We should start this post off with a minor disclaimer: I am involved in the running of Balticon, our regional literary science fiction and fantasy convention, and have been for a number of years. There is no financial incentive for me to promote this or any other volunteer-run convention - as the descriptor implies, there's no money to be made. I simply would like to use this platform to share something I care about, and that I think Never Say Dice readers will get a lot out of.
With that out of the way, let's define what we're talking about here. There are a number of different types of conventions for the nerdly-inclined and they all have their own culture, history, and goals. A "literary" convention like Balticon is different from a comic con, a media con, or a fandom con. The first two have blended together over the past few decades, with less of a focus on comics (and the collecting thereof) and more on the proximity of media properties and celebrities, frequently with heavy corporate advertising. San Diego Comic Con, which has become a "showroom" of sorts for the next season of "geeky" media, is a perfect example. What I'm referring to as "fandom" conventions are ones based around specific properties - Star Trek cons being the most well-known, but most properties with sufficiently-large followings have had their own cons at one point or another. The appeal of this kind of convention is getting to see and have fun with fellow fans, and often to have some proximity to people involved in the creation of said property. ("The autograph line starts here...")
I'm not trying to put any of these kinds of convention down, I've attended and volunteered for some myself. But a literary convention is a different beast, coming out of things like book discussion groups and writer's circles. A literary con is about engagement with text, rather than merely celebrating it. What does "engagement" mean here? You're looking at it right now, it's one of the things this very blog was created to do. It's about discussion, asking questions, and thinking about things. That's not to say the camaraderie among like-minded folks at a literary con, there absolutely is. And it's not as bookish as the term makes it sound, either - literary cons often have concerts, film screenings, costume competitions, and (of particularly interest to many NSD readers) tabletop gaming. There's usually far more to do than any person can have time for.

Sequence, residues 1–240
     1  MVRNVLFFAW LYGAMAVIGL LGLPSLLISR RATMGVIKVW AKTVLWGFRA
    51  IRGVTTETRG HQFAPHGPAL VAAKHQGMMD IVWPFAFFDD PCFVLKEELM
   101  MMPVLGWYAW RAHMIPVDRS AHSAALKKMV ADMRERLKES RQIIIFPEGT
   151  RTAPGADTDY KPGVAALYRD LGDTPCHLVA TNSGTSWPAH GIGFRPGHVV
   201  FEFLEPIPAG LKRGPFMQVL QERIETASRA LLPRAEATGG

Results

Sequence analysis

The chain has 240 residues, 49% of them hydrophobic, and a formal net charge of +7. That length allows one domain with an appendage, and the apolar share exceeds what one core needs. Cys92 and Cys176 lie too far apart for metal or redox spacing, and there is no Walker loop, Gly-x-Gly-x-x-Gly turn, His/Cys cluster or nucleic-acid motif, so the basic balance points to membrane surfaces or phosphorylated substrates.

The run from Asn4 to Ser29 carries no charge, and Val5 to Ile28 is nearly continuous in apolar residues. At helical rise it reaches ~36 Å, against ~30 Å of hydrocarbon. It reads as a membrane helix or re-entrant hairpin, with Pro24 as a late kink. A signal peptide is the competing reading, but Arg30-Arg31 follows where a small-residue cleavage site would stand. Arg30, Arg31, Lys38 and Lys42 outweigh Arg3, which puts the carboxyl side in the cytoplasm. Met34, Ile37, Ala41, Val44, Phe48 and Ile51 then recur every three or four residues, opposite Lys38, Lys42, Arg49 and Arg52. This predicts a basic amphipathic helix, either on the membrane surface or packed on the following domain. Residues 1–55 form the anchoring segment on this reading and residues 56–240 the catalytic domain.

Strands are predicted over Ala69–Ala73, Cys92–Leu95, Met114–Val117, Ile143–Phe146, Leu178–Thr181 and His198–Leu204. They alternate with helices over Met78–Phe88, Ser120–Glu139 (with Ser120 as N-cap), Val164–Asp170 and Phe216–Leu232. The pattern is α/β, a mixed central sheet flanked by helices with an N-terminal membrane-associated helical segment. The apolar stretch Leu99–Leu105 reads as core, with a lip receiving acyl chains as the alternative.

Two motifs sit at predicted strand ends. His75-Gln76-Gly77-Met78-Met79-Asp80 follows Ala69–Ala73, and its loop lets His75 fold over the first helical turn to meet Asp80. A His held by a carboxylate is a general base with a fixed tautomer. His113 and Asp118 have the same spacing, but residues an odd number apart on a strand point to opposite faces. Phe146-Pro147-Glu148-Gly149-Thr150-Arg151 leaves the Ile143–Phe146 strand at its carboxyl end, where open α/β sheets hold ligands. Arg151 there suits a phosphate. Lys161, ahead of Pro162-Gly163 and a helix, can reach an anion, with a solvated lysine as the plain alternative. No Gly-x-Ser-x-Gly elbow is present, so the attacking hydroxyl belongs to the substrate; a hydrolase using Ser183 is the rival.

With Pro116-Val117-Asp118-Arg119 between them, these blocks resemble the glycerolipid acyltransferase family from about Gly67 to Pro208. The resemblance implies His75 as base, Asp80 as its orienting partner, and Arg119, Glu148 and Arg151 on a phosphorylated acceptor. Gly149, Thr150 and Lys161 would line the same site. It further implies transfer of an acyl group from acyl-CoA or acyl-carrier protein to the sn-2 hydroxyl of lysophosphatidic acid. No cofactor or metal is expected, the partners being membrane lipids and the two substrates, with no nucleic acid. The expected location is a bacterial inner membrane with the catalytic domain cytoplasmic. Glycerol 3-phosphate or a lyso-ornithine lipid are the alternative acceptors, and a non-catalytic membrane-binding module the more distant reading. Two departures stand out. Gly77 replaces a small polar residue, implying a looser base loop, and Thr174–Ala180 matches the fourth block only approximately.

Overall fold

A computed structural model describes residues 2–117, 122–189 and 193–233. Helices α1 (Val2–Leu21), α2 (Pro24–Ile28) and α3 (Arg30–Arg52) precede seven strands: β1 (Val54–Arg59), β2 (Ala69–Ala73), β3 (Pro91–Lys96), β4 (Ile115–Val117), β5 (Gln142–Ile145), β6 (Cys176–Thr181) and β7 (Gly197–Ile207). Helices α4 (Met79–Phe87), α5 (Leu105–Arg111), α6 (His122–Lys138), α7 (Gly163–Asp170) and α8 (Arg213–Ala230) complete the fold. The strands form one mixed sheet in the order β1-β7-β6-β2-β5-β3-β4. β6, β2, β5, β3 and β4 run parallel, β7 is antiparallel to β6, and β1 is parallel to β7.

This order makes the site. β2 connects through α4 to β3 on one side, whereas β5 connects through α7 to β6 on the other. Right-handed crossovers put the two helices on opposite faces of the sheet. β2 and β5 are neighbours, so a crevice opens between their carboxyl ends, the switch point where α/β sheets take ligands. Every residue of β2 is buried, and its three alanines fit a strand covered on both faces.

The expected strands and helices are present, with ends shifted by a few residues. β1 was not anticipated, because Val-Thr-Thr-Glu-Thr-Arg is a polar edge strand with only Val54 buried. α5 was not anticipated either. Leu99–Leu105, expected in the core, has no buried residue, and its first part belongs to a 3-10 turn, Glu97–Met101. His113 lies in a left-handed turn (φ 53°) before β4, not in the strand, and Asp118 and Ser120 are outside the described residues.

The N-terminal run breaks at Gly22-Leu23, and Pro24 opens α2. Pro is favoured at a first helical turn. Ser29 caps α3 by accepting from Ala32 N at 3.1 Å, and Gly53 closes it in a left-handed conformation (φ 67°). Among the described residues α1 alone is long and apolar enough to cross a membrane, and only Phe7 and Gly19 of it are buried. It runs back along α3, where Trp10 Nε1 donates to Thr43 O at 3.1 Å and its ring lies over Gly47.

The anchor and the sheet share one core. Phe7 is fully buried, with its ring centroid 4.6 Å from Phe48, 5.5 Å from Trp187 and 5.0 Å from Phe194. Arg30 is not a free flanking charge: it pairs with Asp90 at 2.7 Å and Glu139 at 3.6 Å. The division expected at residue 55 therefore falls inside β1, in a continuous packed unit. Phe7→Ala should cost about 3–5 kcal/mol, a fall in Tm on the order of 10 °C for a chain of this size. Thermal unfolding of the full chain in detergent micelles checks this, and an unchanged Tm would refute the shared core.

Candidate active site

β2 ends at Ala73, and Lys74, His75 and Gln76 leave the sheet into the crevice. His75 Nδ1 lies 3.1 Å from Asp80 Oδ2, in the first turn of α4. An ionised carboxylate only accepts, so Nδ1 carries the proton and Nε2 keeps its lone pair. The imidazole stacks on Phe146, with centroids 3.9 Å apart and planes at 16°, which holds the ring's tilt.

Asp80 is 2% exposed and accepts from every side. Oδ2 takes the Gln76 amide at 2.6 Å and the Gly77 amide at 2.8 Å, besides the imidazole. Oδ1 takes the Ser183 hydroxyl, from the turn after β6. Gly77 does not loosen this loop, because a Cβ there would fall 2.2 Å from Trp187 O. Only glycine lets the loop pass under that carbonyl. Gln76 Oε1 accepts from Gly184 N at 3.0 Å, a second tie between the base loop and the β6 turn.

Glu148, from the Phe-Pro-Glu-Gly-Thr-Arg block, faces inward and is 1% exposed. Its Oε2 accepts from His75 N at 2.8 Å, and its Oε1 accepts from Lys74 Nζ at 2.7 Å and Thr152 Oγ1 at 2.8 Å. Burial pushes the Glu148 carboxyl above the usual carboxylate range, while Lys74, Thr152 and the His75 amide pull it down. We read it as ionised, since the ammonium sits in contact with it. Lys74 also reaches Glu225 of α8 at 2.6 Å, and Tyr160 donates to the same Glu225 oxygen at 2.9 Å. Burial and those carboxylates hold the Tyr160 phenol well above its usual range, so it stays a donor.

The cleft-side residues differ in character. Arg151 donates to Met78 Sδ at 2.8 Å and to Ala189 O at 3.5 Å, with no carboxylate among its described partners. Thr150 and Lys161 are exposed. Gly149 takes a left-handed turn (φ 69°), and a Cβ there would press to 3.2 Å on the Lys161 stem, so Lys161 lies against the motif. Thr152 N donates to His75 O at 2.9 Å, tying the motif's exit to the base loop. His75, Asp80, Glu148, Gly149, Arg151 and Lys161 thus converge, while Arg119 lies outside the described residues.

So why am I talking about this here? This year's Balticon is coming up, held over Memorial Day weekend, as usual, starting Friday, May 28. Like last year, this will be a virtual convention held over Zoom. What this means is that it's open for anyone and everyone in the world to enjoy - all you'll need is the ability to run Zoom and an email address to sign up with. To get a taste of what it's like, most of last year's programming is available on YouTube. It should surprise no one that I'm particularly looking forward to the "What Makes Video Games Genre?" panel, which came out of my own household conversations. On the tabletop front, "Love the Setting, Hate the System," "Good First-Time RPGs (that aren't D&D)," and "Handling In-Game Conflict" should all be great discussions. You can filter the program to show only specific tracks with the "Tag" function at the top of the program schedule.
COVID forced many conventions to re-think how they would be able to continue when people can't gather together physically, and while this may be the last virtual Balticon, the format is here to stay. Putting on an in-person convention requires a large amount of operating capital and access to a physical space, but online meetings have less stringent requirements, and now that a lot of the kinks have been worked out, we'll be see a lot more conventions that are covering more niche interests, or are based out of places where physical meetings might be difficult or even impossible. I'm looking forward to seeing how things grow and develop from here.
So keep an eye on the activities in your community, both in-person and online. Conventions may only happen once a year, but they can certainly give you ideas to keep you busy until the next one. And don't be surprised if, after a while, you end up helping to put them on, too! In any case, I hope I get to see some of you at Balticon next week, or some future convention down the line!